India reopens economy but millions refuse to budge in face of high risks
INDIA is gradually easing stay-at-home restrictions across the country, but the return to work in the midst of the coronavirus pandemic faces serious difficulties, reports Bloomberg
INDIA is gradually easing stay-at-home restrictions across the country, but the return to work in the midst of the coronavirus pandemic faces serious difficulties, reports Bloomberg.
Apart from labour shortages and slack demand, businesses are living with the threat they'll be shut down for several weeks if a single infection is detected.
That alone dispels any notion of a quick recovery in an economy facing its first contraction in more than four decades and hundreds of millions of job losses.
'If one person is infected, the whole factory will be closed for 28 days. That is a fear among entrepreneurs,' said Chandrakant Salunkhe, president of the SME Chamber of India, which represents small- and mid-sized businesses in the country.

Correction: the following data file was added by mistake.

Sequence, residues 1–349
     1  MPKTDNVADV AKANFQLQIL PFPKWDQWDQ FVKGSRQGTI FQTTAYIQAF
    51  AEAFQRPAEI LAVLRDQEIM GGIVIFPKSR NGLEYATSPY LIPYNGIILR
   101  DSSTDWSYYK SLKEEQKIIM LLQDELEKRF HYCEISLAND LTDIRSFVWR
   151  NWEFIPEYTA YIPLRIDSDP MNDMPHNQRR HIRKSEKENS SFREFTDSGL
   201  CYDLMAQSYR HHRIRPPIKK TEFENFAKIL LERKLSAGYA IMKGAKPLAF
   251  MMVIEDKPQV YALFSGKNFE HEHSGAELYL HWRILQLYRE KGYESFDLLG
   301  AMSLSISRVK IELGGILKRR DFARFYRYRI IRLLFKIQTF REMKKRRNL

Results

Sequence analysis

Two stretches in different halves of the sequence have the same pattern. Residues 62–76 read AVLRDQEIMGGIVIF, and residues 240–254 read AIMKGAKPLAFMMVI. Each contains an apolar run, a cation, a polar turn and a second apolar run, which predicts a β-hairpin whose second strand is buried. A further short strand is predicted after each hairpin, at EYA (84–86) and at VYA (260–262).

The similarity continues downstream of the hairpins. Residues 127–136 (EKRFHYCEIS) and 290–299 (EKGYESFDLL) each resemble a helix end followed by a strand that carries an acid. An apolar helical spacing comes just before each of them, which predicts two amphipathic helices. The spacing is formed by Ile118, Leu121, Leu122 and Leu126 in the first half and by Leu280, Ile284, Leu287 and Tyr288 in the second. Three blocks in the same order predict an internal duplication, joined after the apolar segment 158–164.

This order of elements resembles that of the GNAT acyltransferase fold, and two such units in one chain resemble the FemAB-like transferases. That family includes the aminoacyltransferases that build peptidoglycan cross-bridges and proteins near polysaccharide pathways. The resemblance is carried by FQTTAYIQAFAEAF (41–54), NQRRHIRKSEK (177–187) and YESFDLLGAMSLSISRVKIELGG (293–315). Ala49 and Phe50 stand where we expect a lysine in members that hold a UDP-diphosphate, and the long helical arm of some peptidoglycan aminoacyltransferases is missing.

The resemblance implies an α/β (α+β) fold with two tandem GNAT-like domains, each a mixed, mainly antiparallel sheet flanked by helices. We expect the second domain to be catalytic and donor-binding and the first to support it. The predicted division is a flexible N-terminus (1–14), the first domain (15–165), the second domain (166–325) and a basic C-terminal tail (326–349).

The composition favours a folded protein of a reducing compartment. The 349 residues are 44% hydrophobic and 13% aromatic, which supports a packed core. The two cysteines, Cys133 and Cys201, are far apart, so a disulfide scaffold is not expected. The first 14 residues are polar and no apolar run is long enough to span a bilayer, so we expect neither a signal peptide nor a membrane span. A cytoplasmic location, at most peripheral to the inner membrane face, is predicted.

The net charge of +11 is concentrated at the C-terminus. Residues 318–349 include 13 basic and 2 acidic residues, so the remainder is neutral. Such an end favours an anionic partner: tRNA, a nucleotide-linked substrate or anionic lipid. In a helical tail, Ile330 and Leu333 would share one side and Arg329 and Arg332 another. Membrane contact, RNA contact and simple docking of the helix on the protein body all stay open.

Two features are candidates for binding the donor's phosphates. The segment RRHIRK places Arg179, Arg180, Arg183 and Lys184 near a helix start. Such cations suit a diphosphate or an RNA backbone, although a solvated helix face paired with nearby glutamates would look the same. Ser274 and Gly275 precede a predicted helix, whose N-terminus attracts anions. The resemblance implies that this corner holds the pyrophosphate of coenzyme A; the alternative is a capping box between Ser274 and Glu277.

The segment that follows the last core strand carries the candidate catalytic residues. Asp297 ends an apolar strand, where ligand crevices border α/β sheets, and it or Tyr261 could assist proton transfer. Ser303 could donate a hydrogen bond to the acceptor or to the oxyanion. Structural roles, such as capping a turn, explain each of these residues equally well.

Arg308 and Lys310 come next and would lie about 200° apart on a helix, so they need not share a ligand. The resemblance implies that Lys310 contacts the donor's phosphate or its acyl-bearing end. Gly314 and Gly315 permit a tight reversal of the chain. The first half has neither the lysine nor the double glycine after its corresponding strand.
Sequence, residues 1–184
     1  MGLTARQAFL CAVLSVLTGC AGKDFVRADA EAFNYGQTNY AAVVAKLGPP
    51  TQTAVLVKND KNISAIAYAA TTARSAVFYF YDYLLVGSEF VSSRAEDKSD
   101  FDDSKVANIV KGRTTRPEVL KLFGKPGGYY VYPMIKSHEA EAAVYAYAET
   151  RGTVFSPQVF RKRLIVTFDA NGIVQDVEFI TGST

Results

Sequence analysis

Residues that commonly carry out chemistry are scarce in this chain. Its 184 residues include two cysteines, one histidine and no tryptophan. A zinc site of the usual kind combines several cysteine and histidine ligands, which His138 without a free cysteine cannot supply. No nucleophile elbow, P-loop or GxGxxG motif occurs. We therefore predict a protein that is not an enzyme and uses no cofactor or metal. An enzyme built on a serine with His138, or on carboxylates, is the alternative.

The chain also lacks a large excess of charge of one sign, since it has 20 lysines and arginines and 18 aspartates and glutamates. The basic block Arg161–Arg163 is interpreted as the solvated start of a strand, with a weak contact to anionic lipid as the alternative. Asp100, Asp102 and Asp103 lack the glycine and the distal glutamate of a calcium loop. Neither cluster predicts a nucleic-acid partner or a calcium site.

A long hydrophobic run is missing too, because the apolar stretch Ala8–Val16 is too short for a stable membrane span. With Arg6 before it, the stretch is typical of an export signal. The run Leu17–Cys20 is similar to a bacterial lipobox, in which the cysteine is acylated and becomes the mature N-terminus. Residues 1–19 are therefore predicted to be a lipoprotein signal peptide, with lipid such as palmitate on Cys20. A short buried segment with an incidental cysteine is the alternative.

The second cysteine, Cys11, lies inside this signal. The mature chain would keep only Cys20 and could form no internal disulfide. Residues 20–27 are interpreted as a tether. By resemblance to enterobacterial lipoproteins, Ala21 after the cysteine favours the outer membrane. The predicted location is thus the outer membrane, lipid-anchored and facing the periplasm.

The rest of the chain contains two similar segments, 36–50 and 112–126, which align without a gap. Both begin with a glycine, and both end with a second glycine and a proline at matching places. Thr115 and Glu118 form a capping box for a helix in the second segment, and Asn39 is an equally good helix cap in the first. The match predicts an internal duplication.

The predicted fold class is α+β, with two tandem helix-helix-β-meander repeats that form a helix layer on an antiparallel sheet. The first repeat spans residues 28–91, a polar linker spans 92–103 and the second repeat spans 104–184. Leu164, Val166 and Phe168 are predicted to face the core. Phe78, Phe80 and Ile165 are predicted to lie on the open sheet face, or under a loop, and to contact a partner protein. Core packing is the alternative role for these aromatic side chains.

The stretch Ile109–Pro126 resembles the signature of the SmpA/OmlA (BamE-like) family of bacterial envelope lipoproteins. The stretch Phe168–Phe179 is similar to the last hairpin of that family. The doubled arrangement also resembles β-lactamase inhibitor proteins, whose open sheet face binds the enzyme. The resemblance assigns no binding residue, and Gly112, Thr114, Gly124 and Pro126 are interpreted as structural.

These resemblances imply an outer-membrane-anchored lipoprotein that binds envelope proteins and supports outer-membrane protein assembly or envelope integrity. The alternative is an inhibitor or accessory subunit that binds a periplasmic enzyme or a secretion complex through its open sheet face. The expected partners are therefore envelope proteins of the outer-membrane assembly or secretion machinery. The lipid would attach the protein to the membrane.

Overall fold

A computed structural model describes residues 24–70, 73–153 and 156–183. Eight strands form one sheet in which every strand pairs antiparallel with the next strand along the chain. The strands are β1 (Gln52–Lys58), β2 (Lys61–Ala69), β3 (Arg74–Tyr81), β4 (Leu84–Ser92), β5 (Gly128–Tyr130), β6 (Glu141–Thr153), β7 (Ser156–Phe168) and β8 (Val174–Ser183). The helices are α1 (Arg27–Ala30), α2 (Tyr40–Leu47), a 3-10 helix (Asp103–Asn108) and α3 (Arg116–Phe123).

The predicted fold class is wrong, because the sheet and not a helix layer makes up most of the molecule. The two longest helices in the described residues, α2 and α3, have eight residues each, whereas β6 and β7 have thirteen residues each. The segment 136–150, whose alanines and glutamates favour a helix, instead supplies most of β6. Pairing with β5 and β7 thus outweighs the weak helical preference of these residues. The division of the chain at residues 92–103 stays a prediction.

'Even if I start my factory now, I'll not get raw material. If I have raw material, I don't have labour, and if I have labor I don't have orders. Supply chain has totally broken down.'
When Bharat Gite reopened his two aluminum parts factories in India's western city of Pune, he spent days servicing idle machines, sanitising premises and putting in place social distancing norms for staff.
Mr Gite's big problem now is convincing workers to return to their jobs after millions of Indians fled cities for their rural homes when Prime Minister Narendra Modi imposed a nationwide lockdown at the end of March.
Mr Gite supplies companies like General Electric and Siemens and says sales orders have dried up. The two factories run by his Parc Robotic Systems are operating at a tenth of their capacity and with 30 per cent of labour.
'We haven't heard from customers in the last two months,' Mr Gite said. 'It's totally a havoc situation. We don't know what is going to happen.' The biggest uncertainty is 'how to bring the workforce back,' he said. 'It will take at least a year for the business to come back on track.'
Purchasing managers surveys in the manufacturing and services sectors suggest a 15 per cent contraction in GDP in April, while separate research by a private sector think tank estimates 122 million people lost their jobs
Bloomberg Economics' Abhishek Gupta is forecasting GDP will shrink 4.5 per cent in the fiscal year through March 2021, while Nomura Holdings' Sonal Varma sees a decline of 5.2 per cent.